Did Hungary's pre-WWI Magyarization policy include encouraging Hungarians to settle in the non-Hungarian parts of Hungary?

Futurist

Ad Honoris
May 2014
16,703
SoCal
#1
I know about Hungary's pre-WWI Magyarization policy--specifically where Hungary tried to transform its ethnic minorities into Hungarians (Magyars):

Magyarization - Wikipedia

It did this through measures such as forcing schoolchildren to learn and speak Hungarian and discouraging the use of other languages. What I am curious about is this, though--did this Magyarization policy also include encouraging Hungarians to settle in the non-Hungarian parts of Hungary? Or was the goal merely to Magyarize the existing populations of Hungary's non-Hungarian territories without getting a lot of Hungarians to settle in these territories?

Any thoughts on this? Do we have any experts on Hungary on this forum?
 

Futurist

Ad Honoris
May 2014
16,703
SoCal
#4
Basically: no, the policy wasn't pushing for settling non-Hungarian areas.
So, it was simply limited to encouraging non-Magyars to begin speaking Hungarian and identifying as Magyars, correct?

If so, then I'm presuming that the massive increase in the Hungarian language in cities such as Bratislava in the pre-WWI years and decades was almost exclusively the result of Slovaks and/or Germans beginning to use the Hungarian language and identify as Magyars as opposed to being the result of large-scale Hungarian settlement in these cities, correct?
 
Oct 2013
13,798
Europix
#5
So, it was simply limited to encouraging non-Magyars to begin speaking Hungarian and identifying as Magyars, correct?

If so, then I'm presuming that the massive increase in the Hungarian language in cities such as Bratislava in the pre-WWI years and decades was almost exclusively the result of Slovaks and/or Germans beginning to use the Hungarian language and identify as Magyars as opposed to being the result of large-scale Hungarian settlement in these cities, correct?
Tulun would be of great help on these questions.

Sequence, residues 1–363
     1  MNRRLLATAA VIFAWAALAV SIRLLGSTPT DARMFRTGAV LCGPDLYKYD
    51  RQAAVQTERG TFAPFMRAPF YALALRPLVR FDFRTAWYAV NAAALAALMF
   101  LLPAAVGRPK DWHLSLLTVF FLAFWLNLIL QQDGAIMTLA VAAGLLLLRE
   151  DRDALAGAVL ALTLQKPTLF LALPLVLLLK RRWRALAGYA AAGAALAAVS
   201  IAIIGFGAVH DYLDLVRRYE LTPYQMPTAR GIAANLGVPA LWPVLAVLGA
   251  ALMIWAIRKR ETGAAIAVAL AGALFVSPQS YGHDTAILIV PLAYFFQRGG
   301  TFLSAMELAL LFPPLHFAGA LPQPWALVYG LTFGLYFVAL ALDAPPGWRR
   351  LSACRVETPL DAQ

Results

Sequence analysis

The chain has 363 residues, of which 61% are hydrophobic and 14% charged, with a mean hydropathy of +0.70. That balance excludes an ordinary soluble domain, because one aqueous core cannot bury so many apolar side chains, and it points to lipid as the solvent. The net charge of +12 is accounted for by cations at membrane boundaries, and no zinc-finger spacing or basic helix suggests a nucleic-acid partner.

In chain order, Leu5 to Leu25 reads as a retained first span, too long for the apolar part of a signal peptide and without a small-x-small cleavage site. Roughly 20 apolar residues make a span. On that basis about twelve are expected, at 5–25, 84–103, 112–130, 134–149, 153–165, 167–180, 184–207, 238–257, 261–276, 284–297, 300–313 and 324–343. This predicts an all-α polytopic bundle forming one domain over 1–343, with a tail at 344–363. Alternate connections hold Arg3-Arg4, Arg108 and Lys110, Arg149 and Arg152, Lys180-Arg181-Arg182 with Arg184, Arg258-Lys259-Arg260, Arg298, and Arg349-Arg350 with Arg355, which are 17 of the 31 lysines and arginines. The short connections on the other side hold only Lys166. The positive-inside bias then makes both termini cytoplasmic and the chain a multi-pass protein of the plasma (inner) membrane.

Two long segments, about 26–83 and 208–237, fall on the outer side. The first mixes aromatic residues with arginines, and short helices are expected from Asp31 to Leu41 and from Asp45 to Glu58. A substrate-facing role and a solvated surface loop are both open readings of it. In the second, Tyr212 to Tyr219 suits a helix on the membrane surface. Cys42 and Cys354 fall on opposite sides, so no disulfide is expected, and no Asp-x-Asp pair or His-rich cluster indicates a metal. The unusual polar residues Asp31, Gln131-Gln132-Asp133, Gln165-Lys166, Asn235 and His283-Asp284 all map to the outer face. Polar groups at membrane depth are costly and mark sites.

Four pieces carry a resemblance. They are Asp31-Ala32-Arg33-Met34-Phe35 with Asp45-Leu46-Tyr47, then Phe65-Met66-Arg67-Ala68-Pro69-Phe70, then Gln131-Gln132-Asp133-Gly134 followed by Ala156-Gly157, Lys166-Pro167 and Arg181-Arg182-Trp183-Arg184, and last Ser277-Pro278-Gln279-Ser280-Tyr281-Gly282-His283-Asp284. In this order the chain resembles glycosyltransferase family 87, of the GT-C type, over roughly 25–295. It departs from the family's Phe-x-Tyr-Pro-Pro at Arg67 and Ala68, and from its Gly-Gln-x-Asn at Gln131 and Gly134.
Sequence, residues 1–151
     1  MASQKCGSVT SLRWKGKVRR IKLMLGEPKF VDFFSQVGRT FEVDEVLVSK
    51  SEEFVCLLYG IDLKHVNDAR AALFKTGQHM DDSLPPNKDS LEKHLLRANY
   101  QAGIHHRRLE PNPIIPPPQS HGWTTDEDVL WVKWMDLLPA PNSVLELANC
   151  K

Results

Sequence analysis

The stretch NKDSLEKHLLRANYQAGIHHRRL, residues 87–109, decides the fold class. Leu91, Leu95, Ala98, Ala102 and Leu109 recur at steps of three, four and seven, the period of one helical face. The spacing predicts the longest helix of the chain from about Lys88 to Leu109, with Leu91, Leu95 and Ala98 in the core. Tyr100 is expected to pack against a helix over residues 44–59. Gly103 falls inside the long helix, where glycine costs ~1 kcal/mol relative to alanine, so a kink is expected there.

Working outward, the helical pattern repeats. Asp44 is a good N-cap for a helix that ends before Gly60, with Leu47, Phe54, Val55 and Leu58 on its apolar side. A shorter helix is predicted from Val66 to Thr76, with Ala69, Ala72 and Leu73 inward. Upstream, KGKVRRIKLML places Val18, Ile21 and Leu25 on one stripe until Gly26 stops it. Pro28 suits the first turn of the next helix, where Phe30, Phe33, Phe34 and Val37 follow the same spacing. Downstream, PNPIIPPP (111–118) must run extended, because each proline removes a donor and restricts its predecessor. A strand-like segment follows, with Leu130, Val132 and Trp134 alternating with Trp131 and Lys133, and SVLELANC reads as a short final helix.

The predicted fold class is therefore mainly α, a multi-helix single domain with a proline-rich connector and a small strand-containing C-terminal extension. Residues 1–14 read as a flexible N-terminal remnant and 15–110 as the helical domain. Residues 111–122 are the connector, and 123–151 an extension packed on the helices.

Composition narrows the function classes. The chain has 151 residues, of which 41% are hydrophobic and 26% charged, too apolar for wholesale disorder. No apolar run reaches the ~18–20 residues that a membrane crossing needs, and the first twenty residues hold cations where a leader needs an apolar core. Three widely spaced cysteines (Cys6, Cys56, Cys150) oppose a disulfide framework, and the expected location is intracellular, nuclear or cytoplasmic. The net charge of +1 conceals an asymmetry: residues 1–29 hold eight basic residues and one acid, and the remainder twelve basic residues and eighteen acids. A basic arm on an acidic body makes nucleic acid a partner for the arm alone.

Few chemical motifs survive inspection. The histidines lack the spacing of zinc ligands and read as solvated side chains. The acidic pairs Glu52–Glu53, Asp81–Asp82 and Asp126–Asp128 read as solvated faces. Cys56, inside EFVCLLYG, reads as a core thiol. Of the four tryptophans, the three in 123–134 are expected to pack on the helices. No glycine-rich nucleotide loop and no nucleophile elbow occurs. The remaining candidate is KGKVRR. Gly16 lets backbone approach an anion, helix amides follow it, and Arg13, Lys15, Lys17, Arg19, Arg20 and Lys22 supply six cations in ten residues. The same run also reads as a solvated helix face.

I don't remember how the censuses were done: was is about motherlanguage, was it spoken language, was it self declared?

Anyway, there's the economic and the cultural/educational factor.

Hungary in that period was also in an industrialization period. Meaning more movement, and as Hungarian enterprises were ... Hungarian, regardless of ethnicity, Hungarian language started to impose itself. If nothing else, because it was the administration language and a "lingua franca".

Also culture and education influenced: high level implied Hungarian language.

All that is something different from settling.
 
Likes: Futurist

Futurist

Ad Honoris
May 2014
16,703
SoCal
#6
Tulun would be of great help on these questions.

I don't remember how the censuses were done: was is about motherlanguage, was it spoken language, was it self declared?
I think that it was about mother language.

Anyway, there's the economic and the cultural/educational factor.

Hungary in that period was also in an industrialization period. Meaning more movement, and as Hungarian enterprises were ... Hungarian, regardless of ethnicity, Hungarian language started to impose itself. If nothing else, because it was the administration language and a "lingua franca".

Also culture and education influenced: high level implied Hungarian language.

All that is something different from settling.
Very interesting!